His first stop, in the late 1980s, was Cape Verde, although he had no intention of permanently living there. The Atlantic islands are an obscure republic about 600 kilometres west of Africa, notable for volcanoes, stunning beaches and one of the original economic citizenship programs.
And so the businessman obtained his first backup passport, and was able to renounce his U.S. citizenship.
But a Cape Verde passport offered limited benefits in terms of visa-free travel.
Which brought him to Ireland, which at the time was offering instant citizenship in return for a five-year unsecured investment of US$1.7 million. But for all the charms of the Emerald Isle, which included visa-free access to the rest of Europe, it was distant from the businessman’s family.
“So then his situation is that, having renounced his U.S. citizenship, where is he going to sleep? Well, he likes Canada, so he gets Canadian permanent residency,” said Lesperance.
The businessman applied via the federal immigrant investor program, a scheme granting permanent residency in return for a tax-free loan to the government.
Next came the three-year wait to qualify for Canadian naturalization. In the meantime, he collected other citizenships from Central American and Caribbean nations – the Commonwealth of Dominica, Grenada, Belize and St. Kitts – based partly upon the various “marginal increases in visa-free travel” they offered.
But at some stage, citizenship acquisition had become less about the actual benefits and more about the “novelty value,” said Lesperance.
After eventually acquiring Canadian citizenship – and setting up two businesses in Canada that employed about 60 people – the businessman moved to income-tax-free Bermuda, long favoured as a home away from home for rich Americans (including former New York mayor Michael Bloomberg). He lived there to qualify for U.K. citizenship, by virtue of the island’s status as a British Overseas Territory.
“That was a difficult move for him. He quite liked Canada,” said Lesperance.
He now had eight citizenships, including two with the benefits of being European Union members. That was enough. When Lesperance asked if he was interested in acquiring Cypriot economic citizenship (in return for a two-million-euro investment), the answer was, “No, I think I’ve had my fill.”
Why bother with ‘physical presence’ rules at all?
The case of the octo-citizen raises some well-worn questions about economic residency and citizenship. Are participants truly committed to their new country? How much (or how little) time do they spend there?
In Canada, immigrants who arrived under the now-scrapped federal immigrant investor program and its still-running Quebec counterpart have paid woefully low levels of income tax, and breadwinners frequently return to greater China, from where the large majority originated.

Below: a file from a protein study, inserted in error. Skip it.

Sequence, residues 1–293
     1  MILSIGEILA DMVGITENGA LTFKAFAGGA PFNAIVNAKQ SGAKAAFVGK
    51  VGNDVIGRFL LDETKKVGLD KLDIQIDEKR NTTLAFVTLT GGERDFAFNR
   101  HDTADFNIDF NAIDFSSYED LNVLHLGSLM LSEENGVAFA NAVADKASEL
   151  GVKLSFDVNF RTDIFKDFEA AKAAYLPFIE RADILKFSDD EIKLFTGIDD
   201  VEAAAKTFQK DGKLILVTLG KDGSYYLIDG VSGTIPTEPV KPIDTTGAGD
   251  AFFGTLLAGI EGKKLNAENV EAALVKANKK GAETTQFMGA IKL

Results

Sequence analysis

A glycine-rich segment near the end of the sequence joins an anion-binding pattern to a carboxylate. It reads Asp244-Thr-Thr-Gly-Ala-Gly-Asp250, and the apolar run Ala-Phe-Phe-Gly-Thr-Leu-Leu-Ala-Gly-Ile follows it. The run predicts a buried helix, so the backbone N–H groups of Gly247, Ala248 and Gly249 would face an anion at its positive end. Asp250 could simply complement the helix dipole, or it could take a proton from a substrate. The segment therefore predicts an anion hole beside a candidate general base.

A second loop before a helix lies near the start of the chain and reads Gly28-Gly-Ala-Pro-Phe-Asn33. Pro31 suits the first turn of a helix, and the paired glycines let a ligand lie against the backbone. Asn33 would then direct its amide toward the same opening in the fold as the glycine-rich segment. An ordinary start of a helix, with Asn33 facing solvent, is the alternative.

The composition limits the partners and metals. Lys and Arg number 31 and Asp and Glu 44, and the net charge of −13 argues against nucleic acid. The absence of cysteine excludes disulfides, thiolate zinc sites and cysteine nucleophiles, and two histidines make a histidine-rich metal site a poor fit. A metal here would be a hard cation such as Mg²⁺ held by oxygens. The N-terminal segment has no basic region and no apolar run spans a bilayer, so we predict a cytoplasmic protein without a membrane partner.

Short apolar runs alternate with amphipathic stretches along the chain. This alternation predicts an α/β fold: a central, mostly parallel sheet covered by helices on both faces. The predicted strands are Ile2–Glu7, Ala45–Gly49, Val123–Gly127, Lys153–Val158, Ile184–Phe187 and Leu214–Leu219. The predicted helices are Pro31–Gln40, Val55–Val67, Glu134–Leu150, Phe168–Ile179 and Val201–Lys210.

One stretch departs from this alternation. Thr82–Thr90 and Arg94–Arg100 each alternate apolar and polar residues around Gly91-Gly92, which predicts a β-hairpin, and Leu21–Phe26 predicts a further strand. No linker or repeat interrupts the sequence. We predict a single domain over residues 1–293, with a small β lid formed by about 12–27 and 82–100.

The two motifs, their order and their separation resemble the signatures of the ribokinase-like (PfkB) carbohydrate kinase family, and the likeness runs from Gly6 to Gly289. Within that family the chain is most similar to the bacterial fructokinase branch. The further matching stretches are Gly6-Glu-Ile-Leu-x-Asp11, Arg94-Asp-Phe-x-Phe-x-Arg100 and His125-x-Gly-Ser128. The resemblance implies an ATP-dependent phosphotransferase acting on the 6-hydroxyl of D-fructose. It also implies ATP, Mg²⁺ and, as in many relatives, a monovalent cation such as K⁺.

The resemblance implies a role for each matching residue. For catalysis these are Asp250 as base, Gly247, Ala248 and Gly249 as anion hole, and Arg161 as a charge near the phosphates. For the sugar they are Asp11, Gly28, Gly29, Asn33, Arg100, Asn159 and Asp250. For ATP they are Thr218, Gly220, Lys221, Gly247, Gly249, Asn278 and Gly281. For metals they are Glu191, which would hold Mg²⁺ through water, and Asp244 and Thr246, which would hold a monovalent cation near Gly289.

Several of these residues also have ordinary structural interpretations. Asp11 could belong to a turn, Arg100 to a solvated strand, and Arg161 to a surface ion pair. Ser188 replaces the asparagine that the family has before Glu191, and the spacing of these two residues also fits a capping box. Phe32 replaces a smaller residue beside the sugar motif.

Lesperance is critical of the immigrant investor schemes, but he said concerns about rich immigrants spending too little time in Canada are misplaced.
Physical presence is a “misguided fixation” that “does not deal with ‘ghost residents and citizens,’” he said. “Rather it continues to allow those who are contributing little to Canada to acquire Canadian residence and citizenship.”
A copy of Xiao Jianhua’s Antiguan and Barbudan diplomatic passport | South China Morning Post
Antigua and Barbuda Prime Minister Gaston Browne with Xiao
ST. JOHN’S, Antigua and Barbuda – 12th June 2015……Prime Minister of Antigua and Barbuda and Minister of Finance and Corporate Governance the Hon. Gaston Browne on Wednesday appointed Chinese Billionaire Xiao Jianhua as Ambassador-at-Large for Antigua and Barbuda.
Hong Kong’s bustling Central district was quiet in the small hours of January 27, the last day of the Year of the Monkey, when two seven-seater vans quietly pulled up outside the luxury Four Seasons Place serviced apartments. The eve of the Lunar New Year is always a big occasion for family gatherings and the crowds on the streets were thinner than usual.
Five men left the vans at about 1am and went straight into the lift lobby. Moments later, they reappeared on the 28th floor and knocked on the door of mainland billionaire Xiao Jianhua, who was staying in one of the several apartments he had rented there for two years – each costing more than HK$200,000 (US$25,000) a month.
Two hours later, Xiao emerged with two female bodyguards and the five men. They got into the two vans and left the hotel precincts without making a scene. Almost 12 hours later, Xiao and his entourage reappeared at the Lok Ma Chau border crossing between Hong Kong and Shenzhen. They passed through border controls with valid documents and disappeared into the mainland Chinese city at 3pm.
In the weeks since, Xiao has been linked to mainland investigations into top-level bribery and market manipulation and been caught up in the central government’s anxieties about financial and political risks.